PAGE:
Another form of dominant memory is the dynamic RAM (DRAM), which is volatile and costly but has faster random read/write time than non-volatile memory in the form of flash. From a cost perspective, MLC NAND is the cheapest, followed by NAND, then NOR, and then DRAM. Static RAM is the most expensive memory used.
In the current marketplace, NOR tends to be approximately five times more costly than MLC NAND, due primarily to its cell size. A typical size for a NOR memory cell is about 10-12 F2 vs. about 2.5F2 for a NAND cell. DRAM has a cell size of 8F2 but is harder to manufacture due to its various trench-capacitor design requirements. Additionally, as the process geometry decreases, the design of NAND and DRAM memory become more difficult to scale. For example, NAND has various issues related to capacitive coupling, fewer electrons/bit, poor error-rate performance and worse reliability due to its poor read-write endurance. It is believed that NAND, especially MLC NAND would be extremely difficult to scale below 45 nano meters (nm). Likewise, DRAM has issues related to scaling of its trench capacitors leading to very complex designs which are becoming very difficult to manufacture, thereby leading to increased manufacturing costs.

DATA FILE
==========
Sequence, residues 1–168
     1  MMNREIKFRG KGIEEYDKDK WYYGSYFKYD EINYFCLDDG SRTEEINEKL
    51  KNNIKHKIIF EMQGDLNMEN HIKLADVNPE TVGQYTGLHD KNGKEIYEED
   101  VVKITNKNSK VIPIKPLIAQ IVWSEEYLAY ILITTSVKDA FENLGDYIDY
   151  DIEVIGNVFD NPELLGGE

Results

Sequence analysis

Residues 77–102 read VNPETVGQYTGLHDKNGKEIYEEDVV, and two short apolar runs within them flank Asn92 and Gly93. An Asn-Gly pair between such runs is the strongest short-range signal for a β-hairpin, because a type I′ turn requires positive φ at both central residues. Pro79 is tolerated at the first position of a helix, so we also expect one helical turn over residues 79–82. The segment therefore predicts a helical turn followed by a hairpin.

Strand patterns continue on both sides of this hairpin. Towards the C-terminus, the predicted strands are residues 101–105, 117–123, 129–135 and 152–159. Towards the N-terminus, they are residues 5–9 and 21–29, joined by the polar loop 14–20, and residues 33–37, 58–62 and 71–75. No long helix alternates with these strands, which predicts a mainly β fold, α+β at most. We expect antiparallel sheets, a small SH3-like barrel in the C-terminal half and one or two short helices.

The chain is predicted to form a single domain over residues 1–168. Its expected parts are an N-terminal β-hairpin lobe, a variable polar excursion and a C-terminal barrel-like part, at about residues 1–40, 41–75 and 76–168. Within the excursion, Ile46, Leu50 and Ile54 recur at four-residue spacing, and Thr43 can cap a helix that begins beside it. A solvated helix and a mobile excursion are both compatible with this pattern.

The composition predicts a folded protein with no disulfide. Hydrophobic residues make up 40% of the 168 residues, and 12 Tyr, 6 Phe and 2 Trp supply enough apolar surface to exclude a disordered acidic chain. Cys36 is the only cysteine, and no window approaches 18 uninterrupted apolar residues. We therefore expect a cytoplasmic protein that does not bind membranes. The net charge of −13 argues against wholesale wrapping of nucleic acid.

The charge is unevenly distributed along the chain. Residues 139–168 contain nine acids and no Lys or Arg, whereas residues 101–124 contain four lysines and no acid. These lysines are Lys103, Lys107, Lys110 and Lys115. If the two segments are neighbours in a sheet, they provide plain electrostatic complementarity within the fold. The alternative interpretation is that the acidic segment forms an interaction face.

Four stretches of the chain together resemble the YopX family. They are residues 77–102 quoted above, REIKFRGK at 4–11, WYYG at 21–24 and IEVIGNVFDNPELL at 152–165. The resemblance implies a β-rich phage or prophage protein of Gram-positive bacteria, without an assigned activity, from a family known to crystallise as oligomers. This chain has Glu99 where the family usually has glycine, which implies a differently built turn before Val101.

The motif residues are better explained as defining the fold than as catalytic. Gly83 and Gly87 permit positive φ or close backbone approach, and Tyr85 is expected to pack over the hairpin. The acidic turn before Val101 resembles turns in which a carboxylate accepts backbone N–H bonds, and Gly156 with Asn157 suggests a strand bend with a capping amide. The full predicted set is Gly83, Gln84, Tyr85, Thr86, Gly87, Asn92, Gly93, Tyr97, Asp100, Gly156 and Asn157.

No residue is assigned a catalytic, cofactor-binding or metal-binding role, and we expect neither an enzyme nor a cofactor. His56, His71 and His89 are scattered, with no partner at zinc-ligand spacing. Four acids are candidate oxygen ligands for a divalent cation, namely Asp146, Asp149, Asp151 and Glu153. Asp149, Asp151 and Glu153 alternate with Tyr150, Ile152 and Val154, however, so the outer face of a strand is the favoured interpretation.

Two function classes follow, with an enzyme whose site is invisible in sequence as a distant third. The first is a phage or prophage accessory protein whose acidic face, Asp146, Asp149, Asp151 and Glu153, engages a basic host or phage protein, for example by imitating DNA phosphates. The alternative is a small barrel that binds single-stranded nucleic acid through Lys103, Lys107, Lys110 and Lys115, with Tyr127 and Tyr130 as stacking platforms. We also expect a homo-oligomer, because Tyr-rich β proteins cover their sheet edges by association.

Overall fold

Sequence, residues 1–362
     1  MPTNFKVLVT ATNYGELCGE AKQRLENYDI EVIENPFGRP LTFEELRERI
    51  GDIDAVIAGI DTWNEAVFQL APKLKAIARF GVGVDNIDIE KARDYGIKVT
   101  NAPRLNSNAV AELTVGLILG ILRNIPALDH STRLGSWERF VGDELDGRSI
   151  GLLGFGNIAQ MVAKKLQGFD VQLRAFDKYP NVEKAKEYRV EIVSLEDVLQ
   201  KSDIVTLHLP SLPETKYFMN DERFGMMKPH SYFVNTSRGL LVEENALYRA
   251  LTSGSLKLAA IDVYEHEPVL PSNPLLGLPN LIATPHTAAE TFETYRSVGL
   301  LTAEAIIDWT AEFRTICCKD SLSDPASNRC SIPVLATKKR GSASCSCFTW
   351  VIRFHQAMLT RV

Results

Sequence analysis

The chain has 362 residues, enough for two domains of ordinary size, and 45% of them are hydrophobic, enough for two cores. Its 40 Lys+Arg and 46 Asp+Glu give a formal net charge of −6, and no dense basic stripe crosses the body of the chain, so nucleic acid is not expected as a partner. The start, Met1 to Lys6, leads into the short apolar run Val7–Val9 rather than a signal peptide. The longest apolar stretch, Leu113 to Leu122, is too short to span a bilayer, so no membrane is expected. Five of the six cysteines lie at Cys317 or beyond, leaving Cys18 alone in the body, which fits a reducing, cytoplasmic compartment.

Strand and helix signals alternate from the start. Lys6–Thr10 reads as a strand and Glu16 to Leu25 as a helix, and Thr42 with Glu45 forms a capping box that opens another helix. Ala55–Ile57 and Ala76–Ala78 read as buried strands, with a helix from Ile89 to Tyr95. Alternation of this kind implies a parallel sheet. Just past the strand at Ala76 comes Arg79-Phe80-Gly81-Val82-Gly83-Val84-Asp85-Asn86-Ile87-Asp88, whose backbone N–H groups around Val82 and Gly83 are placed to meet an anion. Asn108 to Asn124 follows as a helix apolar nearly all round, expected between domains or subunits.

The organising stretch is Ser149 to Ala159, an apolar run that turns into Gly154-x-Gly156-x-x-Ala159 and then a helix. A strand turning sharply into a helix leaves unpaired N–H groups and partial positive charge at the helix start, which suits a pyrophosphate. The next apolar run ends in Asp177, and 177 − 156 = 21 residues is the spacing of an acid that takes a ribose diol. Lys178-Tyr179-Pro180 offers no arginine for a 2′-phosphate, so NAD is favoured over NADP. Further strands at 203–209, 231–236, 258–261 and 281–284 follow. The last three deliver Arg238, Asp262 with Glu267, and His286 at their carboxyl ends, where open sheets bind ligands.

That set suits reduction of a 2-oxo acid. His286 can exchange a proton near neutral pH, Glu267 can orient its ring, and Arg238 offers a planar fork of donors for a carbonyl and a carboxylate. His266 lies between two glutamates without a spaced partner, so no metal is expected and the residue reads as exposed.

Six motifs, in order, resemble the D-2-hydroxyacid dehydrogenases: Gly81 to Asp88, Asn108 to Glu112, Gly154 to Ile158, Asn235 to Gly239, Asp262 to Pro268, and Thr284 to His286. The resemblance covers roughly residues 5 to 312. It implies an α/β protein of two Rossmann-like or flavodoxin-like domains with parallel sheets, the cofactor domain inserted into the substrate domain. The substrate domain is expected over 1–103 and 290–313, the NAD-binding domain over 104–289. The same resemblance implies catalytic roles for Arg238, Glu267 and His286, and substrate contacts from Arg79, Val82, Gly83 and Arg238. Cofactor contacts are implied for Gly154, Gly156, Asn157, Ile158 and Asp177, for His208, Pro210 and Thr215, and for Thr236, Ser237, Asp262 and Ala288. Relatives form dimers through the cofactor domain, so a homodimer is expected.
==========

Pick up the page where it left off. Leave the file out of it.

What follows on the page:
In general, a combination of NOR, NAND and DRAM is used for functioning as both RAM and ROM, reducing the overall cost of the memory system. This is a dominant part of the overall cost for mobile multi-media products. This group of memory products is referred to as “hybrid-flash.” Table 2 shows speed performances of hybrid flash products currently available in the market. The type and size, as well as architecture of these products are generally different, resulting in different overall timing performance, For example, the one-NAND product, manufactured by Samsung Electronics of South Korea has a smaller-sized DRAM, but the architecture and design are such that it results in higher write speed while maintaining lower cost. Depending upon the application, the system designers may choose to include additional DRAM in order to improve the overall system performance. There are a number of other such products by various manufacturers for this fast growing segment of the market, driven by the insurgence of various hand-held mobile devices.